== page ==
Amazon quietly patches ‘high severity’ Android photos app vulnerability
Jonathan Greig June 29, 2022

Amazon quietly patches ‘high severity’ Android photos app vulnerability

Amazon quietly patches ‘high severity’ Android photos app vulnerability

Amazon patched a high severity vulnerability affecting the Amazon Photos Android app in December after researchers notified them of the issue, the company disclosed Tuesday. 

Researchers at cybersecurity firm Checkmarx said they discovered a bug in the app that allowed attackers to steal a user’s Amazon access token, which is used to authenticate someone across multiple Amazon APIs. 

Many of these APIs have personal data like names, emails, addresses and more. Some, like Amazon Drive API, would give a hacker full access to a person’s files.

The Amazon Photos Android app had more than 50 million downloads before a patch for the vulnerability was released on December 18. 

An Amazon spokesperson told The Record that the company has “no evidence that sensitive customer information was exposed as a result of this issue.”

“We appreciate the work of independent security researchers who help bring potential issues to our attention,” the spokesperson said. “We released a fix for this issue soon after it was brought to our attention. We have no evidence that sensitive customer information was exposed as a result of this issue.”

Erez Yalon, VP of Security Research at Checkmarx, said their team found multiple issues with different components of the app and found that with the right malicious app installed, Android users’ Amazon access token “could have been stolen, making the user vulnerable to ransomware or worse.”

“This results from a misconfiguration of the com.amazon.gallery.thor.app.activity.ThorViewActivity component, which is implicitly exported in the app’s manifest file, thus allowing external applications to access it,” Yalon explained.

“Whenever this activity is launched, it triggers an HTTP request that carries a header with the customer’s access token. Crucially, the researchers found that they could control the server receiving this request. The activity is declared with an intent-filter used by the application to decide the destination of the request containing the access token.”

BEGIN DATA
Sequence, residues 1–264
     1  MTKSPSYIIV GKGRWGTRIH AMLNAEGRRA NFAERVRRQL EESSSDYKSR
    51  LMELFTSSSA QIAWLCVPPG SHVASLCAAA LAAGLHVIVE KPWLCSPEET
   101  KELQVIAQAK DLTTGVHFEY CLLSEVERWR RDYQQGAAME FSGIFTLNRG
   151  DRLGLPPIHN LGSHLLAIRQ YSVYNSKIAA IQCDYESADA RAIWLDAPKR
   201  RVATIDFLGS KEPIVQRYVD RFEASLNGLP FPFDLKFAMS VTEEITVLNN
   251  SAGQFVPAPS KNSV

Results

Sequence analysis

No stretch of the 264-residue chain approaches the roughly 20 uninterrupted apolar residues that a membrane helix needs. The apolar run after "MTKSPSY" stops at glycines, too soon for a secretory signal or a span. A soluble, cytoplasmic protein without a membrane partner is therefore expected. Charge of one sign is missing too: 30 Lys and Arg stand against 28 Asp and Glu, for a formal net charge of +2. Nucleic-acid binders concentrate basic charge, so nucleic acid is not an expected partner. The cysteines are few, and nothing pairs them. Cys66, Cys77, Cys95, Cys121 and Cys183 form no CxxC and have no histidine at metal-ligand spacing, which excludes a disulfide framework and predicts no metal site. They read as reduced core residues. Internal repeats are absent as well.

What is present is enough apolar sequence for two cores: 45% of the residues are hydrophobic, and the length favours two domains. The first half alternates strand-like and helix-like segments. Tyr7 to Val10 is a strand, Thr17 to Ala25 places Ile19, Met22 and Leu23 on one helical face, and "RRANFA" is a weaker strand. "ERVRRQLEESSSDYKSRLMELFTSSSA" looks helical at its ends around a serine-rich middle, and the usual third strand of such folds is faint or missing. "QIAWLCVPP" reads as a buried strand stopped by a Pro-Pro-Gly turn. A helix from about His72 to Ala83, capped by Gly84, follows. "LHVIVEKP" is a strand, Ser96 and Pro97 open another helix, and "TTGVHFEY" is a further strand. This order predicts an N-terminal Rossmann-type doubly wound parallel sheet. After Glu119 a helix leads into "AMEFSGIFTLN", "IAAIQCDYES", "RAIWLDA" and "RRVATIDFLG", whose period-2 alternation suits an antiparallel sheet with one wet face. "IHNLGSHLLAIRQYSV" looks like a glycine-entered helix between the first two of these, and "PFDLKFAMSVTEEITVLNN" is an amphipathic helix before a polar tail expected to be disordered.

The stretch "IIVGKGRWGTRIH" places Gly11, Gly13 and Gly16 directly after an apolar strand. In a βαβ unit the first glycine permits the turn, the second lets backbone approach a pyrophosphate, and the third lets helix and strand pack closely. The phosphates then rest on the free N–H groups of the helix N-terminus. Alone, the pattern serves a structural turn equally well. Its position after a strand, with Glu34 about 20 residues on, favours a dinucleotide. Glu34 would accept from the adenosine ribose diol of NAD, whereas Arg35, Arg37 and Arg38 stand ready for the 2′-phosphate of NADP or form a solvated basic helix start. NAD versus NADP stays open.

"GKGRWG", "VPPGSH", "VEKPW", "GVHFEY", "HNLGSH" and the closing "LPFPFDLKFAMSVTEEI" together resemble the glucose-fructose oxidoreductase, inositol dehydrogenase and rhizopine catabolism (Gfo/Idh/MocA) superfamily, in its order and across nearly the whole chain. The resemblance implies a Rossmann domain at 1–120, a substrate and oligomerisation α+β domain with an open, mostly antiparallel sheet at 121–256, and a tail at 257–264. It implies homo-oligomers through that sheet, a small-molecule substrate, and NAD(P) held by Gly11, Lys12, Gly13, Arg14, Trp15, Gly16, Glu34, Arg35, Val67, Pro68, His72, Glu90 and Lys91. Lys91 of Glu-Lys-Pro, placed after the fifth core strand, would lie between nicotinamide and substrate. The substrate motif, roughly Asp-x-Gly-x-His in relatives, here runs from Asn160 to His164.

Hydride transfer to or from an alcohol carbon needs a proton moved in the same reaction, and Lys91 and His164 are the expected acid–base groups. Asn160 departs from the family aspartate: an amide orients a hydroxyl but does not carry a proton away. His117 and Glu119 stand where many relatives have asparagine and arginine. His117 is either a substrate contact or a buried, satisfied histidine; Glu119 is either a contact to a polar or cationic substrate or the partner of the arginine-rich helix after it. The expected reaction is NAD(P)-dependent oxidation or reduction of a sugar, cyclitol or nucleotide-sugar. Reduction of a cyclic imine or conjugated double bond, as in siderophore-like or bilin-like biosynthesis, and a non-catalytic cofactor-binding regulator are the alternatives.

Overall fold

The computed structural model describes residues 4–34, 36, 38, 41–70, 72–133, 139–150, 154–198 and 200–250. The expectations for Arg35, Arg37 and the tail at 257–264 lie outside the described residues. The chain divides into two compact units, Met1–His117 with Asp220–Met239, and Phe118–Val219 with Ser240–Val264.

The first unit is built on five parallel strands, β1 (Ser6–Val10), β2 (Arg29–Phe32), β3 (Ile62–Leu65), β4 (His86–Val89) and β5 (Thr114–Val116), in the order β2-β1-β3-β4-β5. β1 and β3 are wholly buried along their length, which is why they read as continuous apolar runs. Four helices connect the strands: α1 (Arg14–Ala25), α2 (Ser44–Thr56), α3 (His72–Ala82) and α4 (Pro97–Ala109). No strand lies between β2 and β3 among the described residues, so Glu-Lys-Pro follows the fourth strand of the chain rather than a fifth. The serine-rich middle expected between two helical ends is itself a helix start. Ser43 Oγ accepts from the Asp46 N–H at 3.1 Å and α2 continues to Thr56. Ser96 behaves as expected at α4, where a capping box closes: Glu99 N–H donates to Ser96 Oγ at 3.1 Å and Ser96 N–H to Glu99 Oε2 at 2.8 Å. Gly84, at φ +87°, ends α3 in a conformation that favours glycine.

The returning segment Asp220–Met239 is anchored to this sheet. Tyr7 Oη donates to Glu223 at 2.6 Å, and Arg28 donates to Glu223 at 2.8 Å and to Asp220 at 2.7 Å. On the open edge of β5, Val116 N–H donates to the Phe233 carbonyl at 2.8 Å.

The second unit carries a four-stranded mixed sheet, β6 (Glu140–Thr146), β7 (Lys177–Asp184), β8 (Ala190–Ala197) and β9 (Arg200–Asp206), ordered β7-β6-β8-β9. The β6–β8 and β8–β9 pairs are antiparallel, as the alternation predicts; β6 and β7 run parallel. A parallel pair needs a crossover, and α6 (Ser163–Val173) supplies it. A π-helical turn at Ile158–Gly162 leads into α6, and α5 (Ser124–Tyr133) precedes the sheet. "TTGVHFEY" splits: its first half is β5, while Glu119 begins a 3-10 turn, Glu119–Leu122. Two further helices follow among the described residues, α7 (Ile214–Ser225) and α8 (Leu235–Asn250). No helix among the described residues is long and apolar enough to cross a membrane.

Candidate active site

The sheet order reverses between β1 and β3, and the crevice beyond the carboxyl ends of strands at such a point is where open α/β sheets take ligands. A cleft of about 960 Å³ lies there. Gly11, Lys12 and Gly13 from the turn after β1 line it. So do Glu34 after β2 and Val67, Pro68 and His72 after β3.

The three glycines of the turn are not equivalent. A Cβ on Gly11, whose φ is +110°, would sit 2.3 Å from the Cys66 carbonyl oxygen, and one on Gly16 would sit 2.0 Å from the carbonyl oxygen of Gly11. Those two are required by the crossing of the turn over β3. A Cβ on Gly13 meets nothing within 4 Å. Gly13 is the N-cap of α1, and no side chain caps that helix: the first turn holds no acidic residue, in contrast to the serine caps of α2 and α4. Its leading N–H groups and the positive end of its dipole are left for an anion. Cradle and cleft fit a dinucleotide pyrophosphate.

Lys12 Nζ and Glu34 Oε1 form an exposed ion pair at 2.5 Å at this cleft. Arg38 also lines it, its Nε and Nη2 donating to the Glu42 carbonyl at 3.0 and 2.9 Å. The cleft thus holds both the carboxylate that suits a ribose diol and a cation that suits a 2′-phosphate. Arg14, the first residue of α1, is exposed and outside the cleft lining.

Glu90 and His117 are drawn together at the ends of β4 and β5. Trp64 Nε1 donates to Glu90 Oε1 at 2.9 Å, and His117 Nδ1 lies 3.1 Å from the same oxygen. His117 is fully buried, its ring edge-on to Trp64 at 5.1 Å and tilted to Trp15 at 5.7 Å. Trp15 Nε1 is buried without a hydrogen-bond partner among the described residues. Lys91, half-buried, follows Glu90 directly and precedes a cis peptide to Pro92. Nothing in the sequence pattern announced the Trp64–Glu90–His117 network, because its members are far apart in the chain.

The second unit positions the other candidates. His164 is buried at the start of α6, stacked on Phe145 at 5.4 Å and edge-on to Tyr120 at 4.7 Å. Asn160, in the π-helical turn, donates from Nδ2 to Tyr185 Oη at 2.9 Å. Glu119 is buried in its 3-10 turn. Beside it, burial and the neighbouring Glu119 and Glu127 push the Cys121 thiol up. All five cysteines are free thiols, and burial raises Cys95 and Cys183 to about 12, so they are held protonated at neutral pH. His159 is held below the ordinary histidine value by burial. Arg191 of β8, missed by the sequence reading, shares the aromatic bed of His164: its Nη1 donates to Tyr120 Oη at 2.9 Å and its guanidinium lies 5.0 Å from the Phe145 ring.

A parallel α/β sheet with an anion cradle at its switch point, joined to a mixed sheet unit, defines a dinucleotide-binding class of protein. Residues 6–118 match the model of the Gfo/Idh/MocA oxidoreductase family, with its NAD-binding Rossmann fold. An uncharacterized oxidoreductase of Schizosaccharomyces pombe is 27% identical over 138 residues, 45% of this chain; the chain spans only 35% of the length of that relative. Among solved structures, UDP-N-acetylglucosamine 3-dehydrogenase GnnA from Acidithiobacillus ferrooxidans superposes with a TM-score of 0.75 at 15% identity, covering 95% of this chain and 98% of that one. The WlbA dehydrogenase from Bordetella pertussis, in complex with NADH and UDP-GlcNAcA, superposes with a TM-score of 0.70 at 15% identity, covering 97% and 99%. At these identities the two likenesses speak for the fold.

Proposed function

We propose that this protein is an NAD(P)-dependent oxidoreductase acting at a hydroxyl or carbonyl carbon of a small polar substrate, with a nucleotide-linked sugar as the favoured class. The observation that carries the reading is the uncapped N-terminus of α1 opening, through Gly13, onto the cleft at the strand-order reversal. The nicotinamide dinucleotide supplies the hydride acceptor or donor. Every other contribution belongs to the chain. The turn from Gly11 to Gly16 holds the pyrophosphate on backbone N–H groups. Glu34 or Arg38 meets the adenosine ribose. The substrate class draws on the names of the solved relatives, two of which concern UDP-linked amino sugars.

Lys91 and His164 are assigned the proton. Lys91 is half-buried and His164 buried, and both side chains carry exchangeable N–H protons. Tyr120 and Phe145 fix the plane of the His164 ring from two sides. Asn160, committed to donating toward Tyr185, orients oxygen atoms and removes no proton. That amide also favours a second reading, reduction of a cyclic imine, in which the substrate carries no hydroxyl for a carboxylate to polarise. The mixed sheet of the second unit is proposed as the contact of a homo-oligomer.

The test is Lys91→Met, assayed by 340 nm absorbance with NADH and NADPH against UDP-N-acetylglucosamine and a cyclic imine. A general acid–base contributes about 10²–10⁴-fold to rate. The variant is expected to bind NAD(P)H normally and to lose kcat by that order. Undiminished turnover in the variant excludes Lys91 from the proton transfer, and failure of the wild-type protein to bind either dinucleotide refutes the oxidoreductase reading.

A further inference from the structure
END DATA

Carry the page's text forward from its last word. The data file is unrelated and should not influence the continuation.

From there, a malicious application could “send an intent that effectively launches the vulnerable activity and triggers the request to be sent to a server controlled by the attacker.”

In a report released on Tuesday, the company’s researchers said anyone that obtained an access token had the ability to modify files while erasing a user’s history so that original content could not be recovered from file history.

The researchers found other ways attackers could delete files in someone’s Amazon Drive. The report says a theoretical ransomware actor would have a number of ways to take advantage of the flaw. 

“A malicious actor would simply need to read, encrypt, and re-write the customer’s files while erasing their history. Additionally, the APIs highlighted in this article are only a small subset of the entire Amazon ecosystem, so it’s possible that other Amazon APIs would also be accessible to an attacker with that same token,” the researchers explained. 

Checkmarx said it reported the issues to the Amazon Vulnerability Research Program on November 7, 2021. The next day, Amazon confirmed the report and Checkmarx noted that the company considered it “a high severity issue.”

By December 18, Amazon declared the issues “resolved” and said a fix was “deployed into production.”

“We know there is nothing completely secure in the software world. But seeing that kind of vulnerability in the software of Amazon, one of the leading companies in the world when it comes to security practices, means that it can happen to every software company,” Yalon said. 

Jonathan has worked across the globe as a journalist since 2014. Before moving back to New York City, he worked for news outlets in South Africa, Jordan and Cambodia. He previously covered cybersecurity at ZDNet and TechRepublic.